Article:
“I would like to write novels that were unmistakably mine but nevertheless fit first into African-American traditions and, second of all, this whole thing called literature. It’s very important to me that my work be African-American. If it assimilates into a different or larger pool, so much the better. But I shouldn’t be asked to do that. Joyce is not asked to do that. Tolstoy is not. I mean, they can all be Russian, French, Irish or Catholic, they write out of where they come from, and I do too.”
The first time I heard about Toni Morrison was when my high school speech and debate coach handed me her Nobel Prize for Literature acceptance speech and told me that I would be performing it at an upcoming competition. “Toni Morrison?” I thought. My only exposure to Black authors had been via “urban” literature and coming-of-age stories; I had no idea who this woman was or why she was worthy of the most prestigious literary award in the world.
And then I picked up a novel of hers named The Bluest Eye and it completely altered my view of myself and of my people. It told the story of a poor little unremarkable black girl whose self-perception is warped due to Eurocentric beauty standards and an abusive father. It told a story that would probably never have otherwise been told–and yet it is a tale that many little black girls have not only read, but experienced.
After reading several of her novels, including Song of Solomon and Sula, I realized how skilled Morrison was at highlighting problems on the black community without preaching, condescending speech, or trying to fix them with a pretty pink bow by the end of a 300 page novel. A journey starts with the first step, and I believe that her gift is found in getting people to acknowledge the everyday issues that remain buried just below the surface.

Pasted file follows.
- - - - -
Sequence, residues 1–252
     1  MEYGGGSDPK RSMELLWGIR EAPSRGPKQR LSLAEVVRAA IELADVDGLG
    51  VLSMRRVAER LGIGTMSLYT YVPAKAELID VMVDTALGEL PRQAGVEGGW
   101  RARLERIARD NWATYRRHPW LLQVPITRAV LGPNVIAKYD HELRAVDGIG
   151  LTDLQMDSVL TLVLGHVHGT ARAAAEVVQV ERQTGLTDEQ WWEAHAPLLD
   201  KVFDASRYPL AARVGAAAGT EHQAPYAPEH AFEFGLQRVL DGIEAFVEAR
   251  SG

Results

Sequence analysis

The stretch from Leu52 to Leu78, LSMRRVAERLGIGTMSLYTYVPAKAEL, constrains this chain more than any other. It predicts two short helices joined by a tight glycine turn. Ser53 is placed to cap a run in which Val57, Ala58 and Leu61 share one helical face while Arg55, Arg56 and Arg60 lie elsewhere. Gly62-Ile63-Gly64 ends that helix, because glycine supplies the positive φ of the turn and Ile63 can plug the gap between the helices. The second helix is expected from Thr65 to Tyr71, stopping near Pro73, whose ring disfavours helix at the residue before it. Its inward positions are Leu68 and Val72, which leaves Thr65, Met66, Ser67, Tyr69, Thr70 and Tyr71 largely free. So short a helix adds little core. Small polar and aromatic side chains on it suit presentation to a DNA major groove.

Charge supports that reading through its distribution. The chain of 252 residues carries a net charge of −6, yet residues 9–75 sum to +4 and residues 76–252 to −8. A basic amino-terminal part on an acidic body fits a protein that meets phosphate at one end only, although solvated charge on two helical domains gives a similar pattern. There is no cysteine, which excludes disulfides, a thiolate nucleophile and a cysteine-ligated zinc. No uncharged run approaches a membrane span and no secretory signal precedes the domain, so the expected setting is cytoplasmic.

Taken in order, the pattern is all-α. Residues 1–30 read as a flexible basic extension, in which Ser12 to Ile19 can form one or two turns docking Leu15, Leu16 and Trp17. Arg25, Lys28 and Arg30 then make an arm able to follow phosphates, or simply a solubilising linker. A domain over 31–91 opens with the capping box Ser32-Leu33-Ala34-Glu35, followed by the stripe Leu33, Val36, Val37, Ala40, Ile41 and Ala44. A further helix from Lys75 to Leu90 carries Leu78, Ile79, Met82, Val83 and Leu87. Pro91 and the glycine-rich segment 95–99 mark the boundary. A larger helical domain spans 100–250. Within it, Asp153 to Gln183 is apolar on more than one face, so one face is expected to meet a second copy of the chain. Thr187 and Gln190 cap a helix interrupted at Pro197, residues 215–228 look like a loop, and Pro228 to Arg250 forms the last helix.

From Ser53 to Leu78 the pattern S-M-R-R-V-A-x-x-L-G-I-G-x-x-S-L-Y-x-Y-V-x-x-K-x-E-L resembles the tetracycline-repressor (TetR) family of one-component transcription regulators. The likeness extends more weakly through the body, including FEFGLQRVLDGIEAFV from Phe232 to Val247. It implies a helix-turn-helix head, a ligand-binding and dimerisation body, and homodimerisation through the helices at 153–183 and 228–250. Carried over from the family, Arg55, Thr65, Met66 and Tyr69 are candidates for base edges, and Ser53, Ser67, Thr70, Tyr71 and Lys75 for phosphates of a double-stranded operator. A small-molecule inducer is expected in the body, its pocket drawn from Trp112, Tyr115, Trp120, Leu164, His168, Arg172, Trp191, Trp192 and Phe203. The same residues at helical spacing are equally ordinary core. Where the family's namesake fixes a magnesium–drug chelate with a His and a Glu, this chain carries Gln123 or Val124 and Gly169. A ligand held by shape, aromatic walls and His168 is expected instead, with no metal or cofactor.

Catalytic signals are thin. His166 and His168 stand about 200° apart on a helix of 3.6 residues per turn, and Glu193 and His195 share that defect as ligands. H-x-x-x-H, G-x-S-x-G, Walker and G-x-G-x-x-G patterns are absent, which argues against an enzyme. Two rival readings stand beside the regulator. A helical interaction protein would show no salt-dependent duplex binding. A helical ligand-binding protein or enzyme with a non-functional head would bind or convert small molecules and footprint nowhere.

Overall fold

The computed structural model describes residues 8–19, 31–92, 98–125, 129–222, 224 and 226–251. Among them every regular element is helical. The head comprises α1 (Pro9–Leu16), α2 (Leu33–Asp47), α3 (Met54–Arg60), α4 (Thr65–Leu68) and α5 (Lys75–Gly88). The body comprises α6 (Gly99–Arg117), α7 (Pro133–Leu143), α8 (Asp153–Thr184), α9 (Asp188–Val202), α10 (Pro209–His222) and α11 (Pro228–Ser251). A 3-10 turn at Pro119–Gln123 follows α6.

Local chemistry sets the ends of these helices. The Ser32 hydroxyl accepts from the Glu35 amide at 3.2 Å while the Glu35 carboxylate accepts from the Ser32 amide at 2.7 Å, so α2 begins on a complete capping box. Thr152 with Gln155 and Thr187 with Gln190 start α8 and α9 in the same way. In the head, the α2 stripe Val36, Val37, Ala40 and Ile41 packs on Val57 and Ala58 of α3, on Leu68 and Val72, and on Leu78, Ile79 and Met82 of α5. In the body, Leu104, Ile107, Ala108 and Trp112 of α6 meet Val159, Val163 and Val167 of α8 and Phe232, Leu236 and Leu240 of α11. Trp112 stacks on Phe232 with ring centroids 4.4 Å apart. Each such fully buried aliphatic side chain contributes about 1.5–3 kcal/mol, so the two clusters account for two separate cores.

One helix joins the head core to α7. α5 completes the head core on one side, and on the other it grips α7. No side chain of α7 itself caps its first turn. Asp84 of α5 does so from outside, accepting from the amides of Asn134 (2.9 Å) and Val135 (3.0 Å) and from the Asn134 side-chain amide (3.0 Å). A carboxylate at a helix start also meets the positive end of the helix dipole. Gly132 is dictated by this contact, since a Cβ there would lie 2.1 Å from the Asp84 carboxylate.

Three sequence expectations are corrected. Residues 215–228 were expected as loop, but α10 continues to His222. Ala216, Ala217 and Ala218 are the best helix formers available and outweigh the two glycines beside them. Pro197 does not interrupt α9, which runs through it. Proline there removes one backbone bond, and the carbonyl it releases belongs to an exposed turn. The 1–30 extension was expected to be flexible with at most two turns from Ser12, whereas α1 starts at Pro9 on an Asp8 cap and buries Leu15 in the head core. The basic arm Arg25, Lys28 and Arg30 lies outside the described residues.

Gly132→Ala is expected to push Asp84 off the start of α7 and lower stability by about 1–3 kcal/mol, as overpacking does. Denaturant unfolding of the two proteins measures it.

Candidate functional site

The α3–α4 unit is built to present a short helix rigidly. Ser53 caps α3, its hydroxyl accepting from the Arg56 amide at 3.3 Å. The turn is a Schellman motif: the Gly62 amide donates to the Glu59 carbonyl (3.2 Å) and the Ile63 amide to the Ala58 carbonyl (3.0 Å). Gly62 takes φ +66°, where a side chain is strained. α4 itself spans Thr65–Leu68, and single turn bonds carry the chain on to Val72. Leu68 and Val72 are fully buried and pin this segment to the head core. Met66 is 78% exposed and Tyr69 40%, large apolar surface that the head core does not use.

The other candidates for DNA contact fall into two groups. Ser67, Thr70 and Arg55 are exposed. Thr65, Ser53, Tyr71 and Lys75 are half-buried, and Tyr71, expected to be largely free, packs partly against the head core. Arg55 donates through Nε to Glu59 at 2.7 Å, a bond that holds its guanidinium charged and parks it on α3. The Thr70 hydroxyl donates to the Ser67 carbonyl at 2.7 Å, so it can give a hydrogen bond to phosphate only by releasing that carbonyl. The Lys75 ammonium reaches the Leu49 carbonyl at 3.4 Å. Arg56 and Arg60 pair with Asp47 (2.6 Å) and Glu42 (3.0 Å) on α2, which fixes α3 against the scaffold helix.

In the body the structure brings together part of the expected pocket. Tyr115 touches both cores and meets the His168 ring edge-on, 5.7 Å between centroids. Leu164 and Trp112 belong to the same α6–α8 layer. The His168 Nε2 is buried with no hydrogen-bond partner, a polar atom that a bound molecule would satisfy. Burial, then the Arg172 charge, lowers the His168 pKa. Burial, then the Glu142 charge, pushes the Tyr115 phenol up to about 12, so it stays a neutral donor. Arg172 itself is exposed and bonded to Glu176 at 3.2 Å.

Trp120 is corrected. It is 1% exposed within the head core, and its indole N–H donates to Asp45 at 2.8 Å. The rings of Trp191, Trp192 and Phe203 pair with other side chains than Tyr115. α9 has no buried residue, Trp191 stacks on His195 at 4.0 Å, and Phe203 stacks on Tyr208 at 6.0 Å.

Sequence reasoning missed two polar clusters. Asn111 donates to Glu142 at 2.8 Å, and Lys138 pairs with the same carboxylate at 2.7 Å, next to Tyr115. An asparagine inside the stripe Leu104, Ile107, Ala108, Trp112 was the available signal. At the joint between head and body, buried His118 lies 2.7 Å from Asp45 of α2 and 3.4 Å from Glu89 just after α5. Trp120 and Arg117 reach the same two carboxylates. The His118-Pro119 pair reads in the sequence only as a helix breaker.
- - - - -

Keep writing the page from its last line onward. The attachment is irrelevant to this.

According to a New York Times article, “[In her works], blackness isn’t a commodity; it isn’t inherently political; it is the race of a people who are varied and complicated. Her works capture and historicize: This is how we pray, this is how we escape, this is how we hurt, this is how we repent, this is how we move on. It has allowed Morrison to play with language, to take chances with how stories unravel and to consistently resist the demand to create an empirical understanding of black life in America. Instead, she makes [regular] black life…complex, fantastic and heroic, despite its devaluation”.
I think that it is important to discuss the difficulty that Morrison has faced in gaining recognition for her writing. The speech of hers that I performed would never have existed if it had not been for a group of 48 black writers who petitioned for her to be recognized for her outstanding work, work that was pushed aside because it was not “mainstream” enough. Their rallying helped her earn a Pulitzer Prize and the Noble Prize in Literature.
I feel as though people forget that every aspect of society is governed by racial politics in some way–even writing. Think about the novels that are acclaimed as classic literature and made required reading in elementary, junior high, high school, and even college courses. Now think about how many of those writers are people of color? How many of the protagonists are people of color? I love reading books from authors of different cultures andbackground because I feel as though I learn so much about their people from their own lens. That is why I love Toni Morrison’s work: she refuses to water it down for easy public consumption.